- Teach your child that in proportion and in its place, anger is a helpful emotion.
- Develop an explanation of anger they will understand using facts in this article as well as further research (a metaphor of a cave man being chased by a dinosaur often works well!)
- Help them develop language for their anger by asking good questions like, when you begin to be angry what does it feel like? Where do you feel it in your body?
- Share your own experience of anger to help them understand theirs , such as “When I get angry I clench my teeth and I feel hot, my chest feels tight”.
- Don’t forget to ask what they hear/see too. Some children literally see red or hear voices.
Tactics for maintaining or regaining control
The “firework model” helps here. Explain to your child that when we light a firework, first, the fuse burns down – and then there is an explosion. This is like uncontrolled anger.
Ask your child if they have any ideas on how someone could stop the firework going off. They might suggest throwing the firework in cold water, or making a longer fuse.
It is important that the child is allowed to develop a strategy which works for them to delay anger, called “lengthening the fuse”. Of course you can help them if they can’t think of something. Lengthening the fuse might mean combatting the physiological reactions, removing themselves from a situation, or doing something that symbolises coolness. Some suggestions are:
- Concentrated action. Sipping cold water, holding it in the mouth for a few seconds, then and noticing the coolness of the water sliding down into the stomach.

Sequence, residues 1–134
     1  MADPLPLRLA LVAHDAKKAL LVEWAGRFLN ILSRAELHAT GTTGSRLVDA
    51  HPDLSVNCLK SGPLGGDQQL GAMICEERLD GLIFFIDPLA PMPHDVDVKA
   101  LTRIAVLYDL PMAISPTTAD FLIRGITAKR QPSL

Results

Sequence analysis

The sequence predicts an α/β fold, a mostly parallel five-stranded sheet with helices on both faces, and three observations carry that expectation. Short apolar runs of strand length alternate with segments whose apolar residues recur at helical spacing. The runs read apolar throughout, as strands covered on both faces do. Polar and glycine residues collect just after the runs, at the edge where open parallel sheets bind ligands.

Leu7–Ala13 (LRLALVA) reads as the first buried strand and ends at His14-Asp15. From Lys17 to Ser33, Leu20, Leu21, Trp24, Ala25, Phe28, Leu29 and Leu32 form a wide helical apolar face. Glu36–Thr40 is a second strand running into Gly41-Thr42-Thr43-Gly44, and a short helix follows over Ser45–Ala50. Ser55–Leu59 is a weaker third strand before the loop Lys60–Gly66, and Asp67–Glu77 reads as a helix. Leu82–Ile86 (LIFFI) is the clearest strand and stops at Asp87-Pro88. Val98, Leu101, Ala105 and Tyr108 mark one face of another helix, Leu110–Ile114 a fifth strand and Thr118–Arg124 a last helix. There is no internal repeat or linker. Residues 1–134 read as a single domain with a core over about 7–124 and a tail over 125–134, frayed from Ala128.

- Mindfulness breathing. Stopping breathing voluntarily for a few seconds, the breathing in through the nose for a count of four, making the mouth an “O” shape, and breathing out then as slowly as possible.
- Replacement activity. Tapping works well. Left / right slow tapping with hands on thigh or feet on floor. Each beat should be about two seconds apart.
- Walking away to a safe place. In school this can be an agreed person or location. At home it can be a variety of places agreed by everyone – and you must not follow them
These technique will not work overnight, so you need to reward attempts to change as well as half successes. With children, the behaviours that you notice and attend to are the ones you get more of.
Examining the effects of environment is also important here. Notice where your child remains calm. Does he never lose his temper at grandma’s? Then analyse what is different about that environment, and see where the learnings can be applied to less favoured locations. If grandma’s house is quieter, how can your house have less noise pollution? Does grandma listen more? Does her house have certain smells your child finds soothing?
If it’s school that has your child in a bad temper, try to see patterns. Is it certain lessons or teachers? A certain time of day? Work to develop your understanding so you can try to find helpful management tactics.
Further tips for the long-term
1. Help your child develop assertiveness skills so that he or she finds the world less threatening.
2. Work on your child’s self-esteem. Those with a sense of self-worth are less likely to be angry than those who are over confident. Praise, small and often, works. Make it concrete. “I noticed that you…..(took time to be nice to your brother, put in good effort at school, cleaned your room very nicely).”
3. Avoid comparing your child to others. This lowers, instead of raising, self-esteem.
4. Be specific when you are unhappy about something. Anger often develops when a child feel shamed. When you are unhappy about something your child has done, expressing it in terms of specific behaviour is less likely to cause shame. “You behaved in a rude way to me yesterday when I picked you up from school” is less hurtful than “you’re rude”.
5. When you need to “punish” do so consistently and for the minimum effective time possible. Allow children to earn back their status as quickly as possible and try and focus on what they are doing right rather than what they have done wrong.
Do you have a tactic for helping your child manage anger that we haven’t mentioned? Share it below.